How To Teach a Dog to “Drop It”

Dogs use their mouth and nose to receive a vast amount of information about the outside world. Inevitably, your dog will put something in their mouth that they shouldn’t because it is dangerous for the animal or because your dog may damage the itemTraining is the perfect time to teach your dog to drop items from their mouth on-command.

Training: How to Teach “Drop It”

  1. Grab hold of your dog’s collar to prevent them from tugging. Your grip should be strong enough that your dog will not run away, but loose enough where they do not feel any discomfort.
  2. Grab hold of the object in the dog’s mouth. Do not pull or pry their mouth open. By grabbing the object, you are indicating to your dog that you want the object. Pulling the object turns the drill into a game of tug-of-war, and prying the mouth may cause your dog to become defensive. Remember, you want your dog to drop the object on their own.
  3. Give the command “DROP IT”. Wait for your dog to drop the object.
  4. After your dog drops the object, reward with verbal praise. Resume playing and repeat the exercise. Make sure that you always give the object back to your dog, unless it is dangerous. You want your dog to learn to trust you when you tell them to drop an item.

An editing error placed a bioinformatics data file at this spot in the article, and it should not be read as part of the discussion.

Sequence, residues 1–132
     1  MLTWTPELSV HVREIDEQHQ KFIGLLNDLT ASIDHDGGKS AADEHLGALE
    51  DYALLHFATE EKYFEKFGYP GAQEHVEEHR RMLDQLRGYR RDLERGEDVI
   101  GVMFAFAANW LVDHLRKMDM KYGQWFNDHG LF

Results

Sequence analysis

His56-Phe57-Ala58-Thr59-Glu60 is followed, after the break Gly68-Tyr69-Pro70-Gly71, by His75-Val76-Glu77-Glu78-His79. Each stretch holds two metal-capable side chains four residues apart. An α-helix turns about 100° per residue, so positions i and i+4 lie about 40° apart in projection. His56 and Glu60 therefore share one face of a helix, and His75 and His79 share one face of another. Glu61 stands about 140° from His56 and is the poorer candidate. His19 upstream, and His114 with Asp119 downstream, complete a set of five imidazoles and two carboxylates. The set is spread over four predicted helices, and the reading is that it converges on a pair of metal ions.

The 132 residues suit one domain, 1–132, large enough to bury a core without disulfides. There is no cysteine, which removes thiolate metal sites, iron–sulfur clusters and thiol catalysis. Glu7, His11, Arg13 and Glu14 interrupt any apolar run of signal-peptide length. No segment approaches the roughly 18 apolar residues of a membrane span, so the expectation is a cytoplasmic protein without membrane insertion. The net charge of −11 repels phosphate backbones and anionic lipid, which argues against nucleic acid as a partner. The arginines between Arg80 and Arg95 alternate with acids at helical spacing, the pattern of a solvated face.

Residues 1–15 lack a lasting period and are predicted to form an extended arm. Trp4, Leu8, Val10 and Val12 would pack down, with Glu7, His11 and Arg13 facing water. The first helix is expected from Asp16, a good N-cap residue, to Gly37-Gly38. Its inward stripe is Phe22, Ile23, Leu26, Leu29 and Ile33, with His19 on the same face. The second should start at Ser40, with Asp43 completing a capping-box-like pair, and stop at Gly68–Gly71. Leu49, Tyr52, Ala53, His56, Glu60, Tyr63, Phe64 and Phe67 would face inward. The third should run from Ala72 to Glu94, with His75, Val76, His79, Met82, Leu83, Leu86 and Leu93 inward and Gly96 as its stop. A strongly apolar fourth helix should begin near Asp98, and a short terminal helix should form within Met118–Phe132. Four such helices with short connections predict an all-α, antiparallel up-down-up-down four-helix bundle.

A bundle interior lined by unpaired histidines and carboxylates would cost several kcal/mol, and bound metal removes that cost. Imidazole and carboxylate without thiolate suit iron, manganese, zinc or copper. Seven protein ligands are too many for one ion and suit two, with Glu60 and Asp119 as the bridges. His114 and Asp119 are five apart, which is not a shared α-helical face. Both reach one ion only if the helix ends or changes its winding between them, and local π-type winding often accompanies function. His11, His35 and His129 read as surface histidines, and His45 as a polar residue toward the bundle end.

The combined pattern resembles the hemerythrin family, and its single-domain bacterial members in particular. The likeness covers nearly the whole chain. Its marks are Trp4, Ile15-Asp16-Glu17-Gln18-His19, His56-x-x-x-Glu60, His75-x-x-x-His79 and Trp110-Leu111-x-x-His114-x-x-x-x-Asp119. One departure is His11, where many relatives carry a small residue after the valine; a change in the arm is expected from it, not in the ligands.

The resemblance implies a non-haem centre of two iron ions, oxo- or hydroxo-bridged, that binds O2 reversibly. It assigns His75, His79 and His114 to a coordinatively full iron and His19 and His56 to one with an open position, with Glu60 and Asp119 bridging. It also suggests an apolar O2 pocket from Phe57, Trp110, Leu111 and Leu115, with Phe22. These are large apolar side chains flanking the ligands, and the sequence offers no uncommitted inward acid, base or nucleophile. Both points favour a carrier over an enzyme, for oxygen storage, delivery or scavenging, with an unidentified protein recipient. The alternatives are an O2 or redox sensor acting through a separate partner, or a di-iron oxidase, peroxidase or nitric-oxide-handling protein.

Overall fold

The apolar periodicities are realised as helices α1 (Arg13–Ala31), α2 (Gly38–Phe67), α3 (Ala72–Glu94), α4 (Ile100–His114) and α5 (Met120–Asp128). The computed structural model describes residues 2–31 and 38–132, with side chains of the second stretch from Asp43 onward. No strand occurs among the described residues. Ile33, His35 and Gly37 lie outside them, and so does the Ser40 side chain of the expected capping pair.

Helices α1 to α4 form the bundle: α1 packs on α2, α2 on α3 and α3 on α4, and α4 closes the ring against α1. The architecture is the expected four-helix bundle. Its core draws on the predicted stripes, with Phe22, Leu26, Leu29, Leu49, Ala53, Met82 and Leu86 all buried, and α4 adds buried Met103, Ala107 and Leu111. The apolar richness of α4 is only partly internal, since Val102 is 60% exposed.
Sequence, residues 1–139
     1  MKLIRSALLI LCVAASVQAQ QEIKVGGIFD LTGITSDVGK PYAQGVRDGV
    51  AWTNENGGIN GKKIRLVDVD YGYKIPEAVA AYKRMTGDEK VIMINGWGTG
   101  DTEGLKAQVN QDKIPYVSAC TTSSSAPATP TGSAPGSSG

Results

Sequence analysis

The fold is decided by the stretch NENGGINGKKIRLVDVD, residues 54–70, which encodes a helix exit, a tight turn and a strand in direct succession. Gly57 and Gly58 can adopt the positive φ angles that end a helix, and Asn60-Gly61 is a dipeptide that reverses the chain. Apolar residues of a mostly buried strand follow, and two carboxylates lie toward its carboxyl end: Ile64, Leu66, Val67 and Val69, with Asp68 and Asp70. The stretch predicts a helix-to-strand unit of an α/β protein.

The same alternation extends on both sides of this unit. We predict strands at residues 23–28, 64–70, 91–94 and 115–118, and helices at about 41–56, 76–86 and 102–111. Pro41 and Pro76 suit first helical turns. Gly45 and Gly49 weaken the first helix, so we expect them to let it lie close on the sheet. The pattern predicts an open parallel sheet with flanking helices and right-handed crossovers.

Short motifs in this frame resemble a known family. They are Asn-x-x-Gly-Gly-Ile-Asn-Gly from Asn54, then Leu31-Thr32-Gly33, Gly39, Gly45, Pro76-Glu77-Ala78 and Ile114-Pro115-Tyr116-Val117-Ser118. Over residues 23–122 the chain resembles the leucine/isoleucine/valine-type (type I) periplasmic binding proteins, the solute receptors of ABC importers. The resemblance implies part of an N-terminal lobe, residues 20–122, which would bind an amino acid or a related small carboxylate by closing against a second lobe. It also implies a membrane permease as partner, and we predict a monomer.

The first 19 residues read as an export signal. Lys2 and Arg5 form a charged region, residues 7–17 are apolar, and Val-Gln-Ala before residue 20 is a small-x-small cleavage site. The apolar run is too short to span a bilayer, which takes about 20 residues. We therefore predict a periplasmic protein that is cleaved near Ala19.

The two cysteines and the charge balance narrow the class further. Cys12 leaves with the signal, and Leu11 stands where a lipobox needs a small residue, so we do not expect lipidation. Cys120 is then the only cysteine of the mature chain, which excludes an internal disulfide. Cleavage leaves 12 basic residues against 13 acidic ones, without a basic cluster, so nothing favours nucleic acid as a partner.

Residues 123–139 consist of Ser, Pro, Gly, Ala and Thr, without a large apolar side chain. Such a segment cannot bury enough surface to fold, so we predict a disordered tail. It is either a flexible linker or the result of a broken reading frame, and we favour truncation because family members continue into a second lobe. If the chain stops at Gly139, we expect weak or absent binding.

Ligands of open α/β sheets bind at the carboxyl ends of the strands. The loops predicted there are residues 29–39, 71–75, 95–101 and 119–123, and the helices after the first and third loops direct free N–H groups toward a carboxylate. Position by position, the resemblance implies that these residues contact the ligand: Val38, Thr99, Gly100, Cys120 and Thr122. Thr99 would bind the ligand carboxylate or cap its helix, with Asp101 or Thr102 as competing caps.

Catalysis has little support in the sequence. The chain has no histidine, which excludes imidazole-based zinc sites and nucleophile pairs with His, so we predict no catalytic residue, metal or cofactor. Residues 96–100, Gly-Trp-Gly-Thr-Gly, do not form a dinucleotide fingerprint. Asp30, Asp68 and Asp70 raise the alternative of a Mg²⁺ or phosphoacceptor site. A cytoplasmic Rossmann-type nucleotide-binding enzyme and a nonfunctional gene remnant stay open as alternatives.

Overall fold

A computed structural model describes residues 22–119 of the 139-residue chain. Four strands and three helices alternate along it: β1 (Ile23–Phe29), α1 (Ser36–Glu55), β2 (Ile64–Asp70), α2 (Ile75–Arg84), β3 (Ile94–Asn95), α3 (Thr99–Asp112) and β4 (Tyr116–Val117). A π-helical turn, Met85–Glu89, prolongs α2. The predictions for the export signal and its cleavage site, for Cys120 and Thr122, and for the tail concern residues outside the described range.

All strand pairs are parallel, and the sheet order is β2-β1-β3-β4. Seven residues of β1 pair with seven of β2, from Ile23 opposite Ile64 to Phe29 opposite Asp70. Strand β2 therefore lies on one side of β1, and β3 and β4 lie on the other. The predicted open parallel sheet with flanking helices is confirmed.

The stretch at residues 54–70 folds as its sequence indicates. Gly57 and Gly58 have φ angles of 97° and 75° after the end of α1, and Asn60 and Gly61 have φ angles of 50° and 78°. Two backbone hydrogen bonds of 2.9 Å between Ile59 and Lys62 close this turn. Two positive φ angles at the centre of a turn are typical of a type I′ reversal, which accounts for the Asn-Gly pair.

Troubleshooting: My Dog Won’t “Drop It”

Dogs can be stubborn and they may want to keep the object you’re requesting despite hearing the “DROP IT” command. If this happens, teach the “DROP IT” command by trading for another object.
  1. Hold your dog’s collar, just like above. Remember, this is just to keep them from running away.
  2. Give the command “DROP IT.” This time, present something to trade for the object, such as another toy or a treat. You want this trade item to be of equal or higher value for the dog.
  3. When your dog drops whatever is in their mouth, give them the item you are holding in their hand. Reward with verbal praise for following your instructions.

 

Trading an object also works for when your dog has an object that they should not. By trading an object, you are telling your dog “I will give you this item if you give me that.” To them, they learn to understand that dropping an object does not make them a ‘loser’ – rather, they will receive something for following your command, sometimes of even greater value.
 
Dogs will explore, and as an owner, you have to assume that your dog will try to get into anything and everything in your house. Until your dog has reached significant training milestones, always assume that anything left out for your dog to reach is fair game for your dog to play. That is how they see it at least… When teaching “DROP IT,” make training into a game and test your dog’s response time. Finally, remember to reward your dog for doing the command right, even if they do not follow your instructions the first time. Good luck and have fun!
Aly DelaCoeur, UW-AAB
Aly DelaCoeur, UW-AAB is one of the founders of Wag Enabled (originally Why Does My Dog). Aly has a certificate in applied animal behavior through the University of Washington and is a certified veterinary assistant and AKC Evaluator. She aims to provide an unbiased perspective on dog training by providing practical, intelligent, and caring advice for people to impart on their canine companions